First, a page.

This has been talked about a lot in the past and I think it has to come down to your own thoughts, you cannot be told what is and what is not.

Some people say it is only a promo card if it is given away free but these days that would mean most of the cards that come out are not promos. If a manufacturer sends a dozen to a dealer for free it is a promo but if you then have to buy it off the dealer then it becomes not a promo.

If you have to purchase something to get the promo then it is not a promo so therefore all the Rittenhouse binder cards are not promos.

You could go mad thinking about it all. Big Grin

____________________
Come, it is time for you to keep your appointment with The Wicker Man.
 
Posts: 28514 | Location: wolverhampton staffs uk | Registered: July 19, 2002Reply With QuoteReport This Post
Platinum Card Talk Member
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I collect promo cards for sets I like but I won't pay silly money for ones I am missing. I have never understood promo card collectors it does not matter what the subject is as long as it is a promo as they define it. Nothing wrong with that but I need to have some attachment to what I collect.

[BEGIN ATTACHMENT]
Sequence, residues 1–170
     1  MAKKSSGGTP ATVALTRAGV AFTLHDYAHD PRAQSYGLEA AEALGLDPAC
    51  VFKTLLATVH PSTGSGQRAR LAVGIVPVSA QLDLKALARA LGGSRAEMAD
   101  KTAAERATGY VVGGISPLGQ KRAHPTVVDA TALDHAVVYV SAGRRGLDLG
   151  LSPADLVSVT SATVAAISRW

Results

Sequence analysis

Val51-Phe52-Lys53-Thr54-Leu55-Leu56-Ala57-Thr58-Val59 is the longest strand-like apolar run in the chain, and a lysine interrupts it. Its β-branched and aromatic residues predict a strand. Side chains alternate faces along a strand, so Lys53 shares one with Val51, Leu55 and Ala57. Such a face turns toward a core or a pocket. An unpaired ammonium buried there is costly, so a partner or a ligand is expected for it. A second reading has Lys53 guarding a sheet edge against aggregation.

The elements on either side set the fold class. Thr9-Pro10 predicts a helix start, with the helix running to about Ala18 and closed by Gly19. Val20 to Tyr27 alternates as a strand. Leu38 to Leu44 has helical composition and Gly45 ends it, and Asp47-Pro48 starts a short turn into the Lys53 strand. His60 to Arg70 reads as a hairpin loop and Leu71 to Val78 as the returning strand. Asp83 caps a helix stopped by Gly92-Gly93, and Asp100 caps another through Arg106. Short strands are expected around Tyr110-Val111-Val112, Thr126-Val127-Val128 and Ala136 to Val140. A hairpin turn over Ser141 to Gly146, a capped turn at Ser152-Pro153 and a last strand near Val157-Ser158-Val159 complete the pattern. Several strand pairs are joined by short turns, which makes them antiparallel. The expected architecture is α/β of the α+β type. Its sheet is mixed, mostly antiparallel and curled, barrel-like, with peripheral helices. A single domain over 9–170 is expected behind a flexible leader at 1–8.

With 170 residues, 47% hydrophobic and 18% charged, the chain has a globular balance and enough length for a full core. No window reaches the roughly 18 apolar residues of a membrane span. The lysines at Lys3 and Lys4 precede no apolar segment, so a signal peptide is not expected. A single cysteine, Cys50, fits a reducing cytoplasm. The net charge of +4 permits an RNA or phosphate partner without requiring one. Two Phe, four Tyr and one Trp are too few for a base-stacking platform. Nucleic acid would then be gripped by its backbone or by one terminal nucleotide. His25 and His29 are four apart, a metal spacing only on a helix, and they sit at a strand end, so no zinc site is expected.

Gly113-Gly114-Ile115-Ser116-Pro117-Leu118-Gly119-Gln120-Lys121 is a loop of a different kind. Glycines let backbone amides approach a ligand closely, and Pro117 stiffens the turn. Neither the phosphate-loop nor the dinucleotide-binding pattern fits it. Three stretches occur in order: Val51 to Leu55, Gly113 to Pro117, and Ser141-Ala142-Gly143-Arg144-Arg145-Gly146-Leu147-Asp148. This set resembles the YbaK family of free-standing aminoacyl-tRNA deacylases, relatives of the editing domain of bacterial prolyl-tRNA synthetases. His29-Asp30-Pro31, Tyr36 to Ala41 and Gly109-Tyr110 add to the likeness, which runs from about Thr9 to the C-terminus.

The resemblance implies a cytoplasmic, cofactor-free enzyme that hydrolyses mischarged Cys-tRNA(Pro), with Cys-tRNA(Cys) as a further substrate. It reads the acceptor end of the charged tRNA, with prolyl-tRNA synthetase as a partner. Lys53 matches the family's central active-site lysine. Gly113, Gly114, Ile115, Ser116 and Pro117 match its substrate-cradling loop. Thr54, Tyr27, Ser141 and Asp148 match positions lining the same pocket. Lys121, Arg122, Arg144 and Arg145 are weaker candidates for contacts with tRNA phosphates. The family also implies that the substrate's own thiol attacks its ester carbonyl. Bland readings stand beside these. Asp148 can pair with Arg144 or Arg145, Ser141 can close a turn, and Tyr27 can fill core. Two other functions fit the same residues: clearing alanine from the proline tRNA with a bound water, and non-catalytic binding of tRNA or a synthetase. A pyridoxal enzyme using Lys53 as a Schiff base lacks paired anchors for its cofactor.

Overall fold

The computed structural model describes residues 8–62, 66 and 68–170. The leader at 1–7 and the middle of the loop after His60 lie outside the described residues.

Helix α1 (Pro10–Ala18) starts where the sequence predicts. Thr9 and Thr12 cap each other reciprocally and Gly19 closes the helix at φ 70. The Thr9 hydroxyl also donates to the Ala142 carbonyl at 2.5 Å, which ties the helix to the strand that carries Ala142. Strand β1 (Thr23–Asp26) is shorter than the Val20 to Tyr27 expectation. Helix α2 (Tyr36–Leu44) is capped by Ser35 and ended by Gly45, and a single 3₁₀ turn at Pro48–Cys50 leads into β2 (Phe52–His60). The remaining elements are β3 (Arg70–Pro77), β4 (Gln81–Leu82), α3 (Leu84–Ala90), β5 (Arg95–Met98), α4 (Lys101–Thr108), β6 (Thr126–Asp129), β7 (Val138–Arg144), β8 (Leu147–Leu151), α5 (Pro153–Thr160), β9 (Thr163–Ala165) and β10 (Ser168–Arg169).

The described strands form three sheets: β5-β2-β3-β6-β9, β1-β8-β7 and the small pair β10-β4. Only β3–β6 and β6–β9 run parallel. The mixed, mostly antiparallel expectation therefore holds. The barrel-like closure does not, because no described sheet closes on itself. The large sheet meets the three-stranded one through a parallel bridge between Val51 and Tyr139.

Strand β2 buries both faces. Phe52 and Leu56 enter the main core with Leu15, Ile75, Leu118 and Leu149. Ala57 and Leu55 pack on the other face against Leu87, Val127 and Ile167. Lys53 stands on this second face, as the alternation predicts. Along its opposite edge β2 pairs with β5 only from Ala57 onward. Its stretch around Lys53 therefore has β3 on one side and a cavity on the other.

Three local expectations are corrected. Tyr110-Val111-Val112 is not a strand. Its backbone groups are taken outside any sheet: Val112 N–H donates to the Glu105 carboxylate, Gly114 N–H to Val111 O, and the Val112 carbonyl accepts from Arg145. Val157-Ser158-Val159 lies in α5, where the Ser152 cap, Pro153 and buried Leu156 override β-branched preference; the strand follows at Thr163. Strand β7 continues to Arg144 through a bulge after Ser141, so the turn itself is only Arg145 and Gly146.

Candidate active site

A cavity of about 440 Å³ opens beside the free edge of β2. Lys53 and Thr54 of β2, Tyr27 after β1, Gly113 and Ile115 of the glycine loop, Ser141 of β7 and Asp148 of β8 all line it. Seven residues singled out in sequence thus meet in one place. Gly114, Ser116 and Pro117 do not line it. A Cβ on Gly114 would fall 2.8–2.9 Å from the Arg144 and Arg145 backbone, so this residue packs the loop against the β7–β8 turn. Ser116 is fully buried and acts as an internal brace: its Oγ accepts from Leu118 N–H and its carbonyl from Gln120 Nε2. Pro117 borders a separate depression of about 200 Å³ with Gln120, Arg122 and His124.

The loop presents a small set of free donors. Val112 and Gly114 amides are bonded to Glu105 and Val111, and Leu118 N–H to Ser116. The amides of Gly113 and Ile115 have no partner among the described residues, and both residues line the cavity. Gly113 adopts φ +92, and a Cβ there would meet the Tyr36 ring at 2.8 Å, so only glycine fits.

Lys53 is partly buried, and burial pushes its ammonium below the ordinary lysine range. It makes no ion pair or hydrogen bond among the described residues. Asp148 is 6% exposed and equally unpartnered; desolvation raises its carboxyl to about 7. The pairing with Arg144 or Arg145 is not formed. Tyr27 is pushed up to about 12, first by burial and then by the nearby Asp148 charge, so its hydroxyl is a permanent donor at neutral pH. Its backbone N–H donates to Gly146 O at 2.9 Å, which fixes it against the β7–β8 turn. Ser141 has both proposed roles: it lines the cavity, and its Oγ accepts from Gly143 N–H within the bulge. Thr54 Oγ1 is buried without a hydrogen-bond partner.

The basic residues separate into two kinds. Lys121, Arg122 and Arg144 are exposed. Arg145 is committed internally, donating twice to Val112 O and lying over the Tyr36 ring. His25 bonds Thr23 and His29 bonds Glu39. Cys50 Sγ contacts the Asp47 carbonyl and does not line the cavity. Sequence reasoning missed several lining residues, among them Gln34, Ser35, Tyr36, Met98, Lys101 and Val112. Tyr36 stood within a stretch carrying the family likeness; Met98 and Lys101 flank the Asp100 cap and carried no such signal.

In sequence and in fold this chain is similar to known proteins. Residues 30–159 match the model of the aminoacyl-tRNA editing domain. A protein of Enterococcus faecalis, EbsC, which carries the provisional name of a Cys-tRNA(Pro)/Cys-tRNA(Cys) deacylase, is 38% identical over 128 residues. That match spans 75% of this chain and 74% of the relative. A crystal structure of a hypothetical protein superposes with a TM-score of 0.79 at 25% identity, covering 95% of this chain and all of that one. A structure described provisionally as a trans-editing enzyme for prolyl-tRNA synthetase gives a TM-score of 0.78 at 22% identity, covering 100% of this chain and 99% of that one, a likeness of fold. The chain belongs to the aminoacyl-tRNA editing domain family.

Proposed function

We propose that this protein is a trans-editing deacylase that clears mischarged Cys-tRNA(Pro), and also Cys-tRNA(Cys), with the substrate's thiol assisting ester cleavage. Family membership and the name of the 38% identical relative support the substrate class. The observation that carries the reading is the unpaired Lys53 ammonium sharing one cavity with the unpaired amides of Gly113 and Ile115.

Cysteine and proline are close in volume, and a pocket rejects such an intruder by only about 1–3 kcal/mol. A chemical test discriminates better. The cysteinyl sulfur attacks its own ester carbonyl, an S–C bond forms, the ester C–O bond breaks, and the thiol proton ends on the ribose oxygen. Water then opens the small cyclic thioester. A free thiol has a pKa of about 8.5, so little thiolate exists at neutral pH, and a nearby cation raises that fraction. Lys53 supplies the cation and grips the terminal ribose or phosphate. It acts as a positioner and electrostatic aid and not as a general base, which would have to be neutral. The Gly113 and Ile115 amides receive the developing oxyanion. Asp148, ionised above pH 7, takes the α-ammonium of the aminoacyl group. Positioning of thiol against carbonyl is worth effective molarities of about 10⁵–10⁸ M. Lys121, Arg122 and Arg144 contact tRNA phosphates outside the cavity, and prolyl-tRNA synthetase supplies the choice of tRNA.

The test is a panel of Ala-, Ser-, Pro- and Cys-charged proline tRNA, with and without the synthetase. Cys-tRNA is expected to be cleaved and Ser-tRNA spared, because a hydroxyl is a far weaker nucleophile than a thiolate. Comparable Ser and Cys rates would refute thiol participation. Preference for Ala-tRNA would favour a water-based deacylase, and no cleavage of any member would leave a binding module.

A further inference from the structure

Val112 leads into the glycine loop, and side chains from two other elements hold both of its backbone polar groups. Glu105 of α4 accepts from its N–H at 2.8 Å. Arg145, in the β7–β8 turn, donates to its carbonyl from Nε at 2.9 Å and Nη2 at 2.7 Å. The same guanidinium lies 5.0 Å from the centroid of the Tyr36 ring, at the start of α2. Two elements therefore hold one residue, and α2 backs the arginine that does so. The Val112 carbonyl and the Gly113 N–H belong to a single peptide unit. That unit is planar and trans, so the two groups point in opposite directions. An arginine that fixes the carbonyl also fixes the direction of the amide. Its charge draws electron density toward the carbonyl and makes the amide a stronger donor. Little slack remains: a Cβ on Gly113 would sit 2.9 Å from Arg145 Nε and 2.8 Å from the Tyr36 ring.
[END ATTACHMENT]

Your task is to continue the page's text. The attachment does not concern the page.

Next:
____________________
"The problem, I'm told, is more than medical."
 
Posts: 5706 | Location: Brielle, NJ | Registered: April 03, 2002Reply With QuoteReport This Post
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I use the definition "A promo card is a card that appeals to some or all of the people who collect promo cards." Cool At times I group things and call them "promos, previews, limited distributions, and product premiums." That gets me beyond the fact that some manufacturers print "Promo" on cards that I would call inserts or dealer incentives...
 
Posts: 2423 | Location: North Augusta, SC, USA | Registered: November 28, 2002Reply With QuoteReport This Post
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In the old days the promos and the sell sheets were sent out to let the dealers know about upcoming sets/products. Some dealers threw away that stuff and some left them by the register as freebies. They often went ignored by customers but some people liked the extra cards.

It didn't take too long before dealers became aware of a new market, some collectors being willing to pay for some promos. Some dealers saved them to show to their regular customers. I see your point that if they aren't free, they aren't promos but collectors were the ones that created that marketplace. There are still dealers giving away promos.